Between 2019 and 2020, network companies were racing against each other to be the first to launch 5G commercially. But even in 2022, 5G doesn’t seem to be picking up the expected pace. And today, some experts are even going as far as to say that 5G is failing.
But why is something as magnificent as 5G struggling to capture an audience? Sure, the pandemic put a huge dent in 5G rollouts. But, that’s just one of many problems that the 5th generation of wireless internet is facing.
In this post, we’ll look at the progress 5G has made so far and analyze why it hasn’t been as successful as anticipated. So, let’s begin.
What is 5G
The 5th generation of wireless internet is the technology that a huge number of people worldwide have been waiting for. It will potentially allow many new things to happen in the technological world, and experts believe that it has the power to completely change how we use modern technology.
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Visit my post, “Everything You Need to Know About 5G,” to learn about 5G cell towers, antennas, devices, infrastructure, and its benefits in-depth.
Here are some changes experts predict will happen when 5G starts working at full capacity.
Promises That Came with 5G
To begin with, according to the experts, 5G can significantly enhance our internet browsing experience. In controlled lab environments, it reached a magnificent speed of 1 Gbps all the way up to 10 Gbps. But in real-world conditions, it could be anywhere between 100 Mbps to 300 Mbps.
Besides that, it seems like it will be much more reliable than our current network. That’s because, instead of single-cell towers, 5G uses small cells— WiFi router-like structures set every 200 meters or so.
But increasing your internet speed and reliability isn’t the only thing that 5G is capable of.
Full-Scale IoT Deployment
5G was built from the ground up to support the Internet of Things (IoT).
IoT refers to the billions of gadgets and appliances wirelessly connected to the internet. Experts say that when the IoT is in full effect, your devices will be capable of sending your user data to their manufacturer, where machine learning (ML) can analyze it and optimize your device to enhance your user experience in real time.
Think of this. Wouldn’t it be convenient if your refrigerator could automatically detect that you’re out of milk and order some for you? Or how amazing would it be if your thermostat could detect your comfort level while you’re sleeping and adjust itself accordingly to improve your sleep quality?
These are the kinds of things that IoT promises to add to our lives. And 5G is the piece that tech companies needed to solve this puzzle.
Experts say that because of the omnipresence of wireless internet, we can convert anything from a pill to an airplane into an IoT object.
Learn more about IoT in my separate post, “Internet of Things: What IoT Deployment Means for Your EMF Exposure”.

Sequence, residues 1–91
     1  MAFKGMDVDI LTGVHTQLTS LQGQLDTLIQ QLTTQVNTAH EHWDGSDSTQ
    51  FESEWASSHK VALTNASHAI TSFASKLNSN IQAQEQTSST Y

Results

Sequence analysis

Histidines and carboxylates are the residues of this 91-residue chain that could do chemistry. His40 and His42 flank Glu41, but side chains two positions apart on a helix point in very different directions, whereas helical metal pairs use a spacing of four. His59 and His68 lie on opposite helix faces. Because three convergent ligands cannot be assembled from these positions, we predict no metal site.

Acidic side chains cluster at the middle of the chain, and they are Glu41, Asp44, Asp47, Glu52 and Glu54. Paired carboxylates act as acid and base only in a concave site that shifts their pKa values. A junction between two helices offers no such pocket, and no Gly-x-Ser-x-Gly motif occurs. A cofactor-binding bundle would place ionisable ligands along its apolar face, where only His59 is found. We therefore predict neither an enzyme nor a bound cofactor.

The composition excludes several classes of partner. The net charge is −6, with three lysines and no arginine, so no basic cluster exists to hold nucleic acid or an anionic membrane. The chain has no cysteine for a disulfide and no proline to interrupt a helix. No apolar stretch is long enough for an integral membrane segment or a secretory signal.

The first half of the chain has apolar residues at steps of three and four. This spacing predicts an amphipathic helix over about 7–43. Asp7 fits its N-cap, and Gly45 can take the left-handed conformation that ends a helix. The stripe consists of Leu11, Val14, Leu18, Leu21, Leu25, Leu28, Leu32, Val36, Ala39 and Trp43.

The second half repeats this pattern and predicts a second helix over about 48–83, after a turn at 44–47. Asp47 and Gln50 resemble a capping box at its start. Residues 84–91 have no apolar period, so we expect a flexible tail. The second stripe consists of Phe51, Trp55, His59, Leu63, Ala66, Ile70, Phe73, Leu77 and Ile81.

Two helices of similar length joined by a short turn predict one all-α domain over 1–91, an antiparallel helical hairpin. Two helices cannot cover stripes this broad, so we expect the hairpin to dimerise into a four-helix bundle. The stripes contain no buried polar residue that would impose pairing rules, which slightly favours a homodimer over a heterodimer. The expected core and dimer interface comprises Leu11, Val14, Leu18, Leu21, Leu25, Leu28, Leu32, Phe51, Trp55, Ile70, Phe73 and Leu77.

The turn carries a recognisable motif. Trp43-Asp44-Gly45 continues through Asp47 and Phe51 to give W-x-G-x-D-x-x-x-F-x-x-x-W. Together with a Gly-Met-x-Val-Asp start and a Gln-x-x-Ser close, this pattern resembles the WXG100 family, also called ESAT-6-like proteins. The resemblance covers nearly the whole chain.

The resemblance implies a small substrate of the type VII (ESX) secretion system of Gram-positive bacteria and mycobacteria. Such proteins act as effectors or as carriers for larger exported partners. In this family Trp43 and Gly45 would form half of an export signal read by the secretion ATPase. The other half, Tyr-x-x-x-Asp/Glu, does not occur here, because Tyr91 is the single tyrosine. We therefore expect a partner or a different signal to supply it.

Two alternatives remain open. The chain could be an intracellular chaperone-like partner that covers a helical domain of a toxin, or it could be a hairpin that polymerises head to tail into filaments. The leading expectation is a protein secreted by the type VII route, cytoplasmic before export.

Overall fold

A Highly Immersive Metaverse
You may have already heard of the metaverse. It’s an immersive version of the internet that you can access using VR and AR gadgets.
Facebook started experimenting with the concept in October 2021, and more companies followed.
So far, the metaverse limits to visual experiences only. But with 5G, you’ll be able to immerse yourself into the metaverse not only visually but physically as well. CNET calls it the “touchy-feely internet”.
5G will allow tech companies to manufacture and run devices that can transmit the tactile sensation of a certain experience. And this isn’t just a concept. Tech like this is already in testing.
In 2021, researchers from Italy wrote a paper describing the “design and preliminary test of a virtual reality driving simulator capable of conveying haptic and visual messages to promote eco-sustainable driving behavior.”
The simulator they used had a gaming driving seat, a steering wheel, and pedals. They displayed the virtual scenarios using the Oculus Rift headset.
Once the subjects sat on the chairs and the simulations began, the drivers could experience vibrations and sensory feedback as they drove in different conditions.
This is a promising tech that can further the vision of the metaverse—to reduce the difference between real and virtual worlds. And to ensure this happens, we need a faster internet connection. As Sprint Chief Technology Officer John Saw said in an interview, “In order to touch and feel things miles away, you need low latency.” And 5G provides that.
These are just three of the many ways in which 5G can make modern technology better. There are concepts like remote surgery, self-driving cars (which are already a reality), and advanced societies—all soon to be real because of the 5th generation of wireless technology.
But, Why is 5G Failing?
So, as you see, 5G is an incredible advancement, and it has the potential to make our lives more convenient. But, if that’s the case, why isn’t 5G more widespread. And why are many experts saying that 5G is failing?
Before understanding the infrastructural challenge that 5G is facing, you have to first know how 5G works.
The fifth generation of the internet operates in the 30-300 GHz frequency range, which is significantly higher than 4G, which operates on frequencies below 6 GHz.
So, because of the higher frequencies, it can’t cover long distances. The efficient travel distance of 5G is so short that you’d need to have a cell tower every 200 meters (650 feet) to ensure optimal connection.
But luckily, 5G mostly uses small cells, which is a cell tower the size of your WiFi router box.
So, there are two pieces that, when put together, make 5G work—macro cells and small cells. Macro cells are enormous and need to be set up in one location, like a cell tower. They transfer signals to small cells located near your house, and the small cells then transfer those signals to your devices.
Installing small cells on this level is a huge money drainer. So, naturally, many telecom companies are struggling to meet the conditions for mass 5G deployment.
But this is just part of the problem.